How to Manage the Pull of Your Smartphone

How to Manage the Pull of Your Smartphone

Do you ever feel like your smartphone is calling to you even when it’s just sitting in your pocket not doing anything? When your phone beeps, vibrates, or buzzes, do you ask yourself, “Why is my phone doing this to me?!?”

When I speak to people about using mindfulness to help develop healthier relationships with technology, these are the kinds of things that I often hear from them. I feel these things myself — the feeling that the phone is like a living being that’s doing something to us, calling to us, or trying to attract our attention.

It seems that this feeling is very common. It feels as though these devices are acting on us. I’m calling this a feeling rather than a fact, and it’s a perfect type of feeling to apply some mindfulness to.

Pause and Apply Some Mindfulness

What I’ve found from my many years of working with technology, mindfulness, and other people is that not applying mindfulness to that feeling can contribute to many of the problems we experience in relation to our technology.

Think about your phone sitting in your pocket or somewhere else, but not in your hands. You feel an urge, which is often called a craving in Buddhism, to pull out your phone and check Facebook or your email. At that moment, it may feel like the phone is pulling you, but if you were to pause, engage in some mindful reflection, and ask yourself, “What is actually happening now?” what would your answer be?

This is part of what mindfulness is — an attempt to see the present moment for what it is without a filter.

Step back at that moment and ask yourself, “Is this phone doing anything right now?” If you see the phone for what it is, you will see that it’s not physically doing anything. It’s just sitting there. If you feel as though the phone is pulling you, I would suggest paying attention to the feeling of the pull within yourself.

Practicing mindfulness can help you to move beyond your feeling that the phone is pulling you as if it reflects reality and to see the part of the experience that is within you.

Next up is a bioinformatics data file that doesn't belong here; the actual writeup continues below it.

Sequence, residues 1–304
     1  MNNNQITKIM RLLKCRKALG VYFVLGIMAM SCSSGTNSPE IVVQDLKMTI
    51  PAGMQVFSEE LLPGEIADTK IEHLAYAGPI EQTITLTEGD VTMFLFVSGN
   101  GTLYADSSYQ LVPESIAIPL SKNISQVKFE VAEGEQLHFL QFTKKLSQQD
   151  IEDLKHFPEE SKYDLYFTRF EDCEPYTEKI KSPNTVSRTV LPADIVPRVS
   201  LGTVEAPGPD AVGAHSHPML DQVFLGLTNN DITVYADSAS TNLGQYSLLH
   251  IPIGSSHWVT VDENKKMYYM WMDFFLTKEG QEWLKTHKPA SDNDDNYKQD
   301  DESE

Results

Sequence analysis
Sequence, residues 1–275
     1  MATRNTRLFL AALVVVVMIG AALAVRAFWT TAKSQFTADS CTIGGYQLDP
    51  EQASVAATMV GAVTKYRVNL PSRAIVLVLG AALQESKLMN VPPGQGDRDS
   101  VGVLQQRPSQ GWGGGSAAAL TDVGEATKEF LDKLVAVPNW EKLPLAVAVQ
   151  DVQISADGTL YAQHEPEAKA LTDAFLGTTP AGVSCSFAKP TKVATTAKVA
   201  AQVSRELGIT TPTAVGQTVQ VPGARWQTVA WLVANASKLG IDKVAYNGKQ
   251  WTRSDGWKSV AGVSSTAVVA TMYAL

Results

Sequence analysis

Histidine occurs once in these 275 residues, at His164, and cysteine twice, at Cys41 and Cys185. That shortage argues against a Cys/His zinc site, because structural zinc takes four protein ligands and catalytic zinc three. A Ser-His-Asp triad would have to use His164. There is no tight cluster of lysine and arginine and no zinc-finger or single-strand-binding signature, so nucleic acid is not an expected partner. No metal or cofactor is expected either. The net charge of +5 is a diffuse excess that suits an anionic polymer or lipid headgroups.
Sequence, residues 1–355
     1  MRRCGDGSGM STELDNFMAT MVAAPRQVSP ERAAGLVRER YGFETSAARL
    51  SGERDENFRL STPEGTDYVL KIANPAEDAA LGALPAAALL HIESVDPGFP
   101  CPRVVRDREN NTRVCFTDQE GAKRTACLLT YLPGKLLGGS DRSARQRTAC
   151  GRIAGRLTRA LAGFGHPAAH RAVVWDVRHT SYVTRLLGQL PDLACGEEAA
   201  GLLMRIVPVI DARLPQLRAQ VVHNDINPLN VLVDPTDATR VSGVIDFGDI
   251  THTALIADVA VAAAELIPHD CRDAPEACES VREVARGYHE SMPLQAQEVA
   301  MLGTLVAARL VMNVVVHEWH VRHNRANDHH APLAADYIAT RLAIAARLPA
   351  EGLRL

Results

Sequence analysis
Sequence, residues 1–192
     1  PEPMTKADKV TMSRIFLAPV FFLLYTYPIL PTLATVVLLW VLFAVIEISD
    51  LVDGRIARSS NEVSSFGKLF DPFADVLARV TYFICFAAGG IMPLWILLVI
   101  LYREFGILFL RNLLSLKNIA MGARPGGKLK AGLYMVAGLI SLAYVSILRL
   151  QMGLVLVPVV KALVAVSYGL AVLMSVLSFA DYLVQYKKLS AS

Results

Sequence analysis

I know how tempting it can be to treat that feeling as completely true and react to it instantly.  But if we apply some mindfulness to that feeling when it arises, we may be able to short-circuit the automatic habit which leads us to pick up the phone and start using it as a reaction to the feeling.

Create Some Distance

This creation of distance between the feeling and our response to it can provide an opportunity to make a mindful choice as to whether or not and how to use the phone. Then, when you do reach for your phone, it’s the result of a mindful, conscious, and intentional choice — not an automatic reaction to the feeling that the phone is pulling you to it.

None of us is perfect at applying this, including me.

With that said, when I am successful at creating some distance from the feeling of being pulled by my phone, I have found that it has some great benefits.

It decreases my general feeling of anxiety. It’s a good feeling to know that I have a choice — just that feeling of freedom to choose is much better than the anxious, tight feeling that the phone is pulling me and I’m forced to react to it.

When the feeling of the phone pulling you surfaces, investigate it. Use it to cultivate some mindfulness in that moment. Make sure to also spend some time separately when you’re not experiencing that feeling in your practice. Then see if you can draw on your practice in your daily interactions with your phone.

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The average cellphone user touches their phone 2,617 times a day.

The average cellphone user touches their phone 2,617 times a day.

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